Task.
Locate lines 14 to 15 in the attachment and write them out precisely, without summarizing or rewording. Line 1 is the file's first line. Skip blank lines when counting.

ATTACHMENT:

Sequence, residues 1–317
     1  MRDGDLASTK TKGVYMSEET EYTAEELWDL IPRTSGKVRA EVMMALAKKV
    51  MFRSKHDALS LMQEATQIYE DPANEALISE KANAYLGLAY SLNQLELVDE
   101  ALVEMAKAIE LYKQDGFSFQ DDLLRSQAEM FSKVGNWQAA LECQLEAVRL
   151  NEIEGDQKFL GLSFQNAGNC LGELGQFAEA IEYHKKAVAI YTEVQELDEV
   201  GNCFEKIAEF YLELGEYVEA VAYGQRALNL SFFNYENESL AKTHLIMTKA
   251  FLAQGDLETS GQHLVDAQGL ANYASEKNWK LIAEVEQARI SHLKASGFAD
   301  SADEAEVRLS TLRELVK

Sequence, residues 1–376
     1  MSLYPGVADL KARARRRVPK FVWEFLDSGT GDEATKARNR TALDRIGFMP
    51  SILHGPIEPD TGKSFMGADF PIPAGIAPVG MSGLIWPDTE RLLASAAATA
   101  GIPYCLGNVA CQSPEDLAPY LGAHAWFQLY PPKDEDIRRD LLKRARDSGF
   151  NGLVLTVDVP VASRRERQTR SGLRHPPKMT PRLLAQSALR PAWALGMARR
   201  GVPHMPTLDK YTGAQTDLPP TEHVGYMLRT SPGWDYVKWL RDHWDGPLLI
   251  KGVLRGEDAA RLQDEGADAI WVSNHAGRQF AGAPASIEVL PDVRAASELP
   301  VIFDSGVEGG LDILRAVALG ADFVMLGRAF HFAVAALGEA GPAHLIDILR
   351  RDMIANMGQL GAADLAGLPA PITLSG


   201  GVPHMPTLDK YTGAQTDLPP TEHVGYMLRT SPGWDYVKWL RDHWDGPLLI
   251  KGVLRGEDAA RLQDEGADAI WVSNHAGRQF AGAPASIEVL PDVRAASELP